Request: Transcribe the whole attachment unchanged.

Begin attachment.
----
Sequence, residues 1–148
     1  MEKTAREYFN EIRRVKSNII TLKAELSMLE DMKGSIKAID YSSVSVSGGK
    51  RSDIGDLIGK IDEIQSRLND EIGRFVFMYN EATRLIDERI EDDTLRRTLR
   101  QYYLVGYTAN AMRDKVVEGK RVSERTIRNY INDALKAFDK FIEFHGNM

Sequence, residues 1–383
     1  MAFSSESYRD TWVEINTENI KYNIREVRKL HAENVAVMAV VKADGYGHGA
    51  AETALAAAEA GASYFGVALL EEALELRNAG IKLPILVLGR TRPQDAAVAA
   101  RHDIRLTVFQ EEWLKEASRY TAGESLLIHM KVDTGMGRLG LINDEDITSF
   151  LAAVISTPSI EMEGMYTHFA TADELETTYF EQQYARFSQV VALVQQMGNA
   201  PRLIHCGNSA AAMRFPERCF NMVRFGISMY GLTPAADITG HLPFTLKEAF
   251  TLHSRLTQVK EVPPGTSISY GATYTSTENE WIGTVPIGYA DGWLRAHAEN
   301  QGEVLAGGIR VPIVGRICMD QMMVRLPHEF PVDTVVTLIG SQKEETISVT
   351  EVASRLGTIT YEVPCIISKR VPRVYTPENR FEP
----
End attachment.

Sequence, residues 1–148
     1  MEKTAREYFN EIRRVKSNII TLKAELSMLE DMKGSIKAID YSSVSVSGGK
    51  RSDIGDLIGK IDEIQSRLND EIGRFVFMYN EATRLIDERI EDDTLRRTLR
   101  QYYLVGYTAN AMRDKVVEGK RVSERTIRNY INDALKAFDK FIEFHGNM

Sequence, residues 1–383
     1  MAFSSESYRD TWVEINTENI KYNIREVRKL HAENVAVMAV VKADGYGHGA
    51  AETALAAAEA GASYFGVALL EEALELRNAG IKLPILVLGR TRPQDAAVAA
   101  RHDIRLTVFQ EEWLKEASRY TAGESLLIHM KVDTGMGRLG LINDEDITSF
   151  LAAVISTPSI EMEGMYTHFA TADELETTYF EQQYARFSQV VALVQQMGNA
   201  PRLIHCGNSA AAMRFPERCF NMVRFGISMY GLTPAADITG HLPFTLKEAF
   251  TLHSRLTQVK EVPPGTSISY GATYTSTENE WIGTVPIGYA DGWLRAHAEN
   301  QGEVLAGGIR VPIVGRICMD QMMVRLPHEF PVDTVVTLIG SQKEETISVT
   351  EVASRLGTIT YEVPCIISKR VPRVYTPENR FEP